Every divorce attorney knows the letter of the law. But some of the most effective “letters” at our disposal fall outside the conventional alphabet.
For me, I feel I’ve a bit of a secret weapon when it comes to trial strategies: helping my client visualize and believe in a positive outcome. This doesn’t mean guaranteeing that the case will come out exactly as they or even I hope. It does mean believing with all my heart that helping my clients prepare mentally and emotionally for what’s ahead is every bit as important as preparing them legally—and that part of that preparation is sharing with them my firm belief that all unfolds as it is meant to.
Recently, as I finished preparing a client for a big custody trial coming up quite soon, I said, “Okay, this isn’t legal advice, but it’s very, very important.”
Both she and her mother leaned forward in their chairs.
I looked into my client’s eyes and I said, “See yourself having your son with you. Know that the best is going to happen no matter what, for all involved. Feel confident that you’ve done your best. You’ve done all you can. Feel peace that you’re ready and that we will do our best. This case is not without challenges and I can’t promise we will win. But I know that we are going to do our best.”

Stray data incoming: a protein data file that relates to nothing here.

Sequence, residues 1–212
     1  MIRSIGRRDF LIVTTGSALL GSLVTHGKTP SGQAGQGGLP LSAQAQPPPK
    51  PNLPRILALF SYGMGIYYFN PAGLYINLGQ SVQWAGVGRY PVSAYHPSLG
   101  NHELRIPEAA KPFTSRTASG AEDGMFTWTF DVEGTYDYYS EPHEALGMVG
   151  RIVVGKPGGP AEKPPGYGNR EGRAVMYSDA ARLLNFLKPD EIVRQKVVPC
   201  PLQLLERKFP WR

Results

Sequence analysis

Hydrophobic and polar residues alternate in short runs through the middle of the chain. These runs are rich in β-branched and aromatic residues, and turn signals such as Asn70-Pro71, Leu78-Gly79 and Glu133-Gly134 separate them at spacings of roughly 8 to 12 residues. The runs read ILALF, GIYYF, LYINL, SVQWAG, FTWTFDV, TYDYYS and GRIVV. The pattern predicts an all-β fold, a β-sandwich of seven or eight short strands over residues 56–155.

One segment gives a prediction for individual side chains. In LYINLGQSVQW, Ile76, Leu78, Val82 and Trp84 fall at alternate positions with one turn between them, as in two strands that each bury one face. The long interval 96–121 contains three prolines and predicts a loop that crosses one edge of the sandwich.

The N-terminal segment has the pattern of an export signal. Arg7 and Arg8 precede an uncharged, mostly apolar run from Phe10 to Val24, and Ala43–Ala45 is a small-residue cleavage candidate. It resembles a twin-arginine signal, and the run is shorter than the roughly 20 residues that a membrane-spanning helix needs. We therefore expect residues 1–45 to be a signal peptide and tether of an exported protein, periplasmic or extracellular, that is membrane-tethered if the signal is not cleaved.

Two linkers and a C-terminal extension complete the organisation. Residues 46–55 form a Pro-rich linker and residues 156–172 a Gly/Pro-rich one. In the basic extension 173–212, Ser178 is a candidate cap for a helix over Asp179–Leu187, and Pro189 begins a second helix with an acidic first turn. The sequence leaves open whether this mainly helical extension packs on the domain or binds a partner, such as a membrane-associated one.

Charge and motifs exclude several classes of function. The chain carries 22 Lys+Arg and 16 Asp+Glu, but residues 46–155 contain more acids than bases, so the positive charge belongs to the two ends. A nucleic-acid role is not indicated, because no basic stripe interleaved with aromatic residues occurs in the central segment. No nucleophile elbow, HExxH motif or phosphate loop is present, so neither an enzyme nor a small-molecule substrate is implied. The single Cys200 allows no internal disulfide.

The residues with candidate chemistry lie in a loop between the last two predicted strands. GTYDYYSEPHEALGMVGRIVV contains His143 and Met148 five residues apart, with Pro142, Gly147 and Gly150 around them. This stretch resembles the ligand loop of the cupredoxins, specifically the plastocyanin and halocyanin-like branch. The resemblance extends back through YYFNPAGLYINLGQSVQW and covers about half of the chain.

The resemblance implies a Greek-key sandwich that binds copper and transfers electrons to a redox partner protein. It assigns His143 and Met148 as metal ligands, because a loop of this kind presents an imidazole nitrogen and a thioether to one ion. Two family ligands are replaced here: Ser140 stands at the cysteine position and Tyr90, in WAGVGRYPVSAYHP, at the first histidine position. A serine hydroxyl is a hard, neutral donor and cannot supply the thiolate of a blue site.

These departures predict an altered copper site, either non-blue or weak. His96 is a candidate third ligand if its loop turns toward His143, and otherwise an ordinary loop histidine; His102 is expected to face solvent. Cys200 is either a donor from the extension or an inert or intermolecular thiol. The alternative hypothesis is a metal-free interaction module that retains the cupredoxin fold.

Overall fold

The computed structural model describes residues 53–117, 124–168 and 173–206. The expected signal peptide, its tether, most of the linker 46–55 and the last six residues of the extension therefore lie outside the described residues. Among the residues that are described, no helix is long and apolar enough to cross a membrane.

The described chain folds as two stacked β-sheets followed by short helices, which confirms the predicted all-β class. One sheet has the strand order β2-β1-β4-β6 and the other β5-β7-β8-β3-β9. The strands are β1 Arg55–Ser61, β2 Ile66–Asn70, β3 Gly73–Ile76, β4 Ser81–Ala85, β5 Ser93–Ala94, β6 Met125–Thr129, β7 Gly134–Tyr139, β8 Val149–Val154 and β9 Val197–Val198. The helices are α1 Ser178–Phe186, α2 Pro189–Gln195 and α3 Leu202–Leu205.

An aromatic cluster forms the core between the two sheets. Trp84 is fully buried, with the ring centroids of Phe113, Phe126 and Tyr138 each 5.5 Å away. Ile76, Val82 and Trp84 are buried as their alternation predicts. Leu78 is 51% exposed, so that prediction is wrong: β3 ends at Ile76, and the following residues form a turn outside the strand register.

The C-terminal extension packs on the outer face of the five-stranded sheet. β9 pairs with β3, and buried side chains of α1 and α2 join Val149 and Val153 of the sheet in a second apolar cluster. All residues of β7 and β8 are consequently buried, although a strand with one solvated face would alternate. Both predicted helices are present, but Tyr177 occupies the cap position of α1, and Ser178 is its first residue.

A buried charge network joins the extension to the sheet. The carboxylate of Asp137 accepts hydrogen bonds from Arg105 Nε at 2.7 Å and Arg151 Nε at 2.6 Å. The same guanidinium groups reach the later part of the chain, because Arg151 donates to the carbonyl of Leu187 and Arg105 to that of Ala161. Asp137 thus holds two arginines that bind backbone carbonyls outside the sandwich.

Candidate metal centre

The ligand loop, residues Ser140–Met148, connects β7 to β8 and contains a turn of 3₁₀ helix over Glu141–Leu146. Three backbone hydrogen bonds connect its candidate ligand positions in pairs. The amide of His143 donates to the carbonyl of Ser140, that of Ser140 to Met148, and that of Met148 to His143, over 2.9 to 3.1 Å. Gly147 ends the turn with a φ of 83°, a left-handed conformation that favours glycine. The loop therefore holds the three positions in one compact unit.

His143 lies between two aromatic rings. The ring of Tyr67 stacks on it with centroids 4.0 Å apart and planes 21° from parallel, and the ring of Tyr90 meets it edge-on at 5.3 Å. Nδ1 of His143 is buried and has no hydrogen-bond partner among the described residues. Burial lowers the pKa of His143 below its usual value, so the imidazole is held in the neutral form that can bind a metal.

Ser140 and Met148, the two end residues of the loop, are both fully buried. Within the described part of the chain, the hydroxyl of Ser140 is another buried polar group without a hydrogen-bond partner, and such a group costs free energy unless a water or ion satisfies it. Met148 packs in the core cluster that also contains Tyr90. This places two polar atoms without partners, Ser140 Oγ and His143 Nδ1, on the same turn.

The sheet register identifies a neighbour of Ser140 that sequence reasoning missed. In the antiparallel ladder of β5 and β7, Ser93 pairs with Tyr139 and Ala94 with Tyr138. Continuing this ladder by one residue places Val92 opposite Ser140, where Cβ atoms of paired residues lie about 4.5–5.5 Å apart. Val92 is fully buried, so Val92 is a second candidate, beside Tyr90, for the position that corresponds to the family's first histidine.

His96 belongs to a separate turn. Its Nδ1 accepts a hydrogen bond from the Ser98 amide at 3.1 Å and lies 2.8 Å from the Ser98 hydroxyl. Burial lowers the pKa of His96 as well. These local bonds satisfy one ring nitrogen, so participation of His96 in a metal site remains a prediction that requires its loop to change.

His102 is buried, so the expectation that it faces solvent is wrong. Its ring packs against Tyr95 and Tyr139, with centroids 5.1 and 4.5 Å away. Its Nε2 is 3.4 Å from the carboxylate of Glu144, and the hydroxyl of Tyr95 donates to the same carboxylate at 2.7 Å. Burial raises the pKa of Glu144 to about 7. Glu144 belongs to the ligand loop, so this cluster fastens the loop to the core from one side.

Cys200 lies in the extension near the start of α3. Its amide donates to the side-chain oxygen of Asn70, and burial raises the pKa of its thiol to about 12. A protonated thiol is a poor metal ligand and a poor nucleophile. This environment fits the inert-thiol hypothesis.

I tell her this for her, and also for me. If you’ve ever become entrenched in an ugly custody battle, you know that it’s far too easy to pour all your energy, every bit of your heart, into making everything feel okay for your client.
But you’re not ultimately serving your client when you feed them so much of your energy that you leave yourself depleted, exhausted and stressed out. This case, the one I’m preparing for, is the kind of case that at one time would have sent me running for junky comfort food. These days, I know that my energy belongs with me and I’m visualizing that positive outcome… and I’m not doing it from the bottom of a bowl of processed cheese, the crumbs of leftover corn chips, and the better part of a whole bottle of wine.
I stay present, I stay focused, and I stay mindful of the result I want.
We may or may not prevail in this case. But in the battle in my head, the one between me and me, I’ve already won.